VIDEO MAN: David Luneau.

Cornell Lab of Ornithology biologists have left the Bayou de View, and the ivory-billed woodpecker they hoped to photograph most likely has, too, they say.

Now, birder brains across the country are saying out loud what they’ve been thinking privately: The bird identified as an ivory-billed woodpecker in 2004, whose finding was announced with much ceremony in April 2005, was more likely its common cousin, the pileated. Even in Arkansas, which has been pretty worked up over the bird, skeptics can be found.


The iconic bird, after all, was considered on its way out the door when James Tanner made his report to Cornell in 1942 on the small population remaining in the Singer Tract of bottomland forest in Louisiana. Everything about the “Lord God” bird is dramatic, from its large, flashy white bill and primeval look to a history of being killed by humans — Indians for its bill and feathers, collectors in the name of science, hunters getting paid by collectors. Its fate was theoretically sealed in the 1940s, when its last known holdout, the Singer Tract of old-growth forest in Louisiana, on the verge of being protected by Congress, was chopped down by a timber company using Nazi prisoners of war.

In 2004, a kayaker’s sighting in the Cache River Wildlife Refuge’s ancient tupelo swamp reached the editor of the Cornell Lab’s magazine, who was writing a book about the bird, and his woodpecker-chasing friend. They came, they saw and they screeched, in tandem, “ivory-bill!” The rest is history.


In the months that followed, reputable, knowledgeable birders assembled by Cornell and the Arkansas chapter of The Nature Conservancy descended on East Arkansas. They saw the bird, and reported their proof — which included a 4-second video — in a peer-reviewed article in Science magazine.

That’s good enough for Joe Neal, co-author with Dr. Douglas James of the 416-page hardcover “Arkansas Birds: Their Distribution and Abundance,” the most comprehensive book on avian life in Arkansas.


“The best records were the original sight records,” Neal said. He didn’t need the video to be convinced. “Then there is all of that acoustical stuff that no one is willing to say is absolutely [an ivory-billed woodpecker] … but have not been able to show it’s anything else.” (“Arkansas Birds,” Neal noted, relied solely on sight records for documentation.)

With three other members of the Bird Records Committee of the Arkansas Audubon Society, Neal voted to accept Dr. David Luneau’s evidence that the ivory-bill was back in Arkansas. The vote was 4-1.

Mike Mlodinow was the odd man out. Mlodinow, a researcher who like Neal and James lives in Fayetteville, was not impressed with the evidence. “I don’t like the video,” he said, referring to Luneau’s film of the bird, the feather in the cap of evidence presented to Science magazine. “You can barely tell it’s a bird.”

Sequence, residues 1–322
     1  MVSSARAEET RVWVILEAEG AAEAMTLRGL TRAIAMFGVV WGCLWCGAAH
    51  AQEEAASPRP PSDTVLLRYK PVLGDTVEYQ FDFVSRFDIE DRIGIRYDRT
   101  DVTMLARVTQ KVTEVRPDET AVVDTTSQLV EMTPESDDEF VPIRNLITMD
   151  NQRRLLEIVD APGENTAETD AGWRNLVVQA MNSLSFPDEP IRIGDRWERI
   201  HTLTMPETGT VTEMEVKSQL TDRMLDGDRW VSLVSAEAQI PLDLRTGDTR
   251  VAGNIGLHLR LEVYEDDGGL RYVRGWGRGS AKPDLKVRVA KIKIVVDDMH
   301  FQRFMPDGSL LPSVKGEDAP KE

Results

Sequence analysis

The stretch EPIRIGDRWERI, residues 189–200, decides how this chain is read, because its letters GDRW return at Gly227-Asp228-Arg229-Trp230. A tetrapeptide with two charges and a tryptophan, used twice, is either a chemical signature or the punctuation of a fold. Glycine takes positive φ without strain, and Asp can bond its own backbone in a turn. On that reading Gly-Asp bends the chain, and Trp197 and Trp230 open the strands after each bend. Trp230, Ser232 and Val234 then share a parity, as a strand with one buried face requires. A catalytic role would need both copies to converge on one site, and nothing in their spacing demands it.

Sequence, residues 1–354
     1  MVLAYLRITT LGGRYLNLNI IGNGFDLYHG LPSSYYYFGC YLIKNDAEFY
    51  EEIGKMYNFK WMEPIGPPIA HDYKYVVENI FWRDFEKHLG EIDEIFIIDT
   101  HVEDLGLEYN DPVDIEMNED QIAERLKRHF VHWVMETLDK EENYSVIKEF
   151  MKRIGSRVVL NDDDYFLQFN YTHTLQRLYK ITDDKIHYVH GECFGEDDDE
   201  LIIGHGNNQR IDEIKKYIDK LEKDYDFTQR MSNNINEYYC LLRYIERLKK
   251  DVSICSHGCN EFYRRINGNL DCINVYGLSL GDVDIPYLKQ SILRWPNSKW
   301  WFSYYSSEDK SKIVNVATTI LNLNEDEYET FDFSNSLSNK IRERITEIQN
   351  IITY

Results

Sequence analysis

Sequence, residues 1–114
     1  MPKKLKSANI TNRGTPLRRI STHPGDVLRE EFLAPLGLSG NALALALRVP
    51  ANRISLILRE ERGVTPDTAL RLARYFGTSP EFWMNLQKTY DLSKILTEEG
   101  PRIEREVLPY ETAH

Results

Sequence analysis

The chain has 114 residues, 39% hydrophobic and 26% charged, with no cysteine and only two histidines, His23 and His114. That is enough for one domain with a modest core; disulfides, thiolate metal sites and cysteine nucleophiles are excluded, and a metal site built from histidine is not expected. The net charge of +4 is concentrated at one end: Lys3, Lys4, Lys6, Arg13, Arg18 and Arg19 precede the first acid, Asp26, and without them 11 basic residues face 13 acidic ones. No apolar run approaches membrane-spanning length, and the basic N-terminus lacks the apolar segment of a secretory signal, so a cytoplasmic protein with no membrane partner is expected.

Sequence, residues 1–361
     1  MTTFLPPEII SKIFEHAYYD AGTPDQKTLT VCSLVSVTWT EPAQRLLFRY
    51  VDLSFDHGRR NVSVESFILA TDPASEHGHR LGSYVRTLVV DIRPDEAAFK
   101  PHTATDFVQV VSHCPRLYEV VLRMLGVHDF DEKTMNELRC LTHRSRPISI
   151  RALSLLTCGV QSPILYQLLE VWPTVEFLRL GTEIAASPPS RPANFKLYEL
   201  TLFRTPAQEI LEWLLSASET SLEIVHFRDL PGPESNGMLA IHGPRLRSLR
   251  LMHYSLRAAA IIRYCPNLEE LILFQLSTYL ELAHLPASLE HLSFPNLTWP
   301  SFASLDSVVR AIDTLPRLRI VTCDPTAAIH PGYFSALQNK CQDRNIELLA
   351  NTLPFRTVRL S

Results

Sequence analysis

“For something like an ivory-billed woodpecker, you have to be pretty sure,” Mlodinow said. “If you’re wrong, it’s like crying wolf. You have to be exceptionally certain.”


Mlodinow called it “strange” that Cornell biologists interpreted every facet of the 4-second film as supportive of their interpretation that it is of an ivory-billed woodpecker. “It’s almost too good to be true.”

But “Arkansas Birds” co-author James, distinguished professor of zoology at the University of Arkansas, not only thinks there was a bird in the Bayou de View, he thinks “there’s enough evidence that there’s more than one bird,” because of recordings made in the Cache and the White River National Wildlife Refuge more than 50 miles away. Just because the 2005-06 field season for Cornell that wrapped up in April provided no new evidence, the earlier sightings were enough for James. “I say the second observation confirms the first.”

Debate is a healthy thing, the scientists involved are quick to say. But some of the back-and-forth amounts to bickering, embodied in newspaper accounts, the publication of critical scientific articles, the rebuttals to the articles, and rebuttals to the rebuttals. Now, it seems, the bird has flown the debate as well as the woods.

On May 18, Cornell scientists made the glum announcement that they’d fallen short of their goal to find and photograph a roosting ivory-bill during the 2005-06 field season. There were only four reportable “encounters” — one from the volunteer search team and three from the public. (Cornell coined the term encounter this season; it means a sighting in which a field mark is convincingly described.) More double-knocks and calls were recorded, but Cornell is being cautious in calling them definitive. The effort cost Cornell around $1 million (most of it private gifts, but some federal dollars and in-kind contributions).

Hard on that announcement’s heels was a gossipy article in the Chicago Sun-Times in which high-profile ornithologists — including a former Cornell employee who’d been in Arkansas — questioned the proof and in which biologists complained about federal dollars going to the ivory-bill project instead of their own. National Geographic Field Guide consultant Jon Dunne called the proof offered in Science “awful. … I just look at the video and say, ‘God, it’s hopeless.’ ”